Author: Kristin Cashore
Release Date: October 5, 2009
Beautiful creatures called monsters live in the Dells. Monsters have the shape of normal animals: mountain lions, dragonflies, horses, fish. But the hair or scales or feathers of monsters are gorgeously colored-- fuchsia, turquoise, sparkly bronze, iridescent green-- and their minds have the power to control the minds of humans.Review:Kristin Cashore blew me away with her debut novel Graceling. When I’d read Graceling, Fire had already been released. I was hesitant to read Fire because I didn’t know how it would be. After reading Fire, though, I am no longer worried. Kristin Cashore’s writing was just as engaging and beautiful as before.
Seventeen-year-old Fire is the last remaining human-shaped monster in the Dells. Gorgeously monstrous in body and mind but with a human appreciation of right and wrong, she is hated and mistrusted by just about everyone, and this book is her story.
Fire is set about 30 some years before Graceling in the land called The Dells. The impossible mountains to climb in Graceling? The Dells is on the other side. Such a different world from Graceling yet similar too. the description that Cashore put in for this new setting was…very visible. I could see the world in my head.
The plot was long. There was a lot of description and background but in an overall sense, it was necessary. First, we had to know what was happening and why. Second, the reader does not want to be confused or lost. The reader wants to understand the book and to do that, there has to be background information. With variations in the pace of the events and actions, Fire was a whirlwind of everything.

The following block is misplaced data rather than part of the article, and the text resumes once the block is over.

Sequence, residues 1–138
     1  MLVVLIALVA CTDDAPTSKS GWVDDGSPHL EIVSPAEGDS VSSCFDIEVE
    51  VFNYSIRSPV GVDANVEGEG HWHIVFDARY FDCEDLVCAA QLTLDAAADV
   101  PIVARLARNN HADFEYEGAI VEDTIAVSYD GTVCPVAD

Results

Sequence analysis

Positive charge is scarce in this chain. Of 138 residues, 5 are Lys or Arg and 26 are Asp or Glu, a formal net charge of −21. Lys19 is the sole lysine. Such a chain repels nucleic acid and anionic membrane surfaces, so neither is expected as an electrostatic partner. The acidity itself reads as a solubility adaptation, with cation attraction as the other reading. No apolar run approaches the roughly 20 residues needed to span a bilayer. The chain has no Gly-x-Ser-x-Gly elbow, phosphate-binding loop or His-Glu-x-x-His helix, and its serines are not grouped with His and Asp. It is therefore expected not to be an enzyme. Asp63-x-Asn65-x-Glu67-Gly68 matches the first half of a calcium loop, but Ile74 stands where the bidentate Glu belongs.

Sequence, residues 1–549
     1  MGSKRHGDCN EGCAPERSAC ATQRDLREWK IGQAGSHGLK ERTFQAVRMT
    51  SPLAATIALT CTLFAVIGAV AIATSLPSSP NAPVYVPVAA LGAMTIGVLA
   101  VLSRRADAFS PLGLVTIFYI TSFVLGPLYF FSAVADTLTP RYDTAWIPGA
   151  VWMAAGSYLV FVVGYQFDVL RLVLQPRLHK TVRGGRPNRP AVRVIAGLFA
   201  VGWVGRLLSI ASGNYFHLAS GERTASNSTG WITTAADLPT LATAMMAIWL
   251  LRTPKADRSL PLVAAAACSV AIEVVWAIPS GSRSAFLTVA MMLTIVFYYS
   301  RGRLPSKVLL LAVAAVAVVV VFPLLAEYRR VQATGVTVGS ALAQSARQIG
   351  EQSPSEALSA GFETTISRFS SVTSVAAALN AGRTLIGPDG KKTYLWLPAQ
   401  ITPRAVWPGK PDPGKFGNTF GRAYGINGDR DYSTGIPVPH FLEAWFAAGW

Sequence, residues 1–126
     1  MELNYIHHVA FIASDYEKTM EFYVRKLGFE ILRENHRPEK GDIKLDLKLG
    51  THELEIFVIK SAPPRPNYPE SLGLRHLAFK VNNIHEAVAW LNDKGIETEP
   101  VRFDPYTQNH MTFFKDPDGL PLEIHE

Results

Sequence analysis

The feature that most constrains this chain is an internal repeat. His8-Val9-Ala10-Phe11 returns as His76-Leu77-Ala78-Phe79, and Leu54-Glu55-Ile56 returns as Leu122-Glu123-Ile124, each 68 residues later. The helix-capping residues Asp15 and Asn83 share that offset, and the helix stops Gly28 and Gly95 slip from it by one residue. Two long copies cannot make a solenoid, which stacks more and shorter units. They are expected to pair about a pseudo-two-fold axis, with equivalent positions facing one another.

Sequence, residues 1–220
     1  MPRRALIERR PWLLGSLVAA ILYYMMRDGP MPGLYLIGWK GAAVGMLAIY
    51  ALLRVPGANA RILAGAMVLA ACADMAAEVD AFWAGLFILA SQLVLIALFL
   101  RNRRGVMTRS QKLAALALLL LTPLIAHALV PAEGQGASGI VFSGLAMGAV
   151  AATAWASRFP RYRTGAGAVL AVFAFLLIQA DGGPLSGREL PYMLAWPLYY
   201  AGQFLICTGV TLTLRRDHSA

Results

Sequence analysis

Fire, our protagonist, is the last remaining human monster. She is both loved and hated by the people. Her ability to control people’s minds in greatly feared but wanted to be used as well. Fire was a strong, independent girl who knew what she wanted…most of the time. This novel is basically this girl’s journey and need to distinguish herself from her father and this made her…guarded, independent, and well, stubborn. I didn’t connect with her as I connected with Katsa and I think it’s due to the fact that a lot of times during this book, Fire is so unstable. She also wasn’t open enough for me.
There were a lot of secondary characters in this book, so sometimes I got confused. Sure a lot of them weren’t there as often as others, but it still got confusing. I liked and disliked each character for their own reason. Archer, for one, was a ladies’ man. He was in love with Fire and wanted her to marry him. Whenever he asked and she said no, he’d take a woman to bed. I liked him for his bravery and loyalty but he got annoying sometimes too. Brigan was a character I initially didn’t like. He was so mean and cold hearted. After reading more about him, though, my thoughts changed. I saw (as did Fire) that he’d had a lot happen in his life, most of which wasn’t pleasant, and that is what made him the way he was.
I should add that there was more sex in this novel than there was in Graceling. There isn’t a lot of description but it’s mentioned and referred to. The plot got more complicated when an illegitimate child was born or revealed. I was confused as to who was whose child and I had to pause a few times to figure out.
Overall? Fire was a good book that showed Cashore’s excellent writing ability. I liked Graceling better than this one, but only by a little. It had a great amount of action, mystery, danger, adventure, romance, obsession, and so much more. I can’t wait for Bitterblue!